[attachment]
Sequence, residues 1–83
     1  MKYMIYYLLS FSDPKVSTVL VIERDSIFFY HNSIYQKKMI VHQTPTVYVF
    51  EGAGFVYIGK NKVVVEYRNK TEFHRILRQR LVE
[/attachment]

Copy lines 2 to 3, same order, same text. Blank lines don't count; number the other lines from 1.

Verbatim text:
     1  MKYMIYYLLS FSDPKVSTVL VIERDSIFFY HNSIYQKKMI VHQTPTVYVF
    51  EGAGFVYIGK NKVVVEYRNK TEFHRILRQR LVE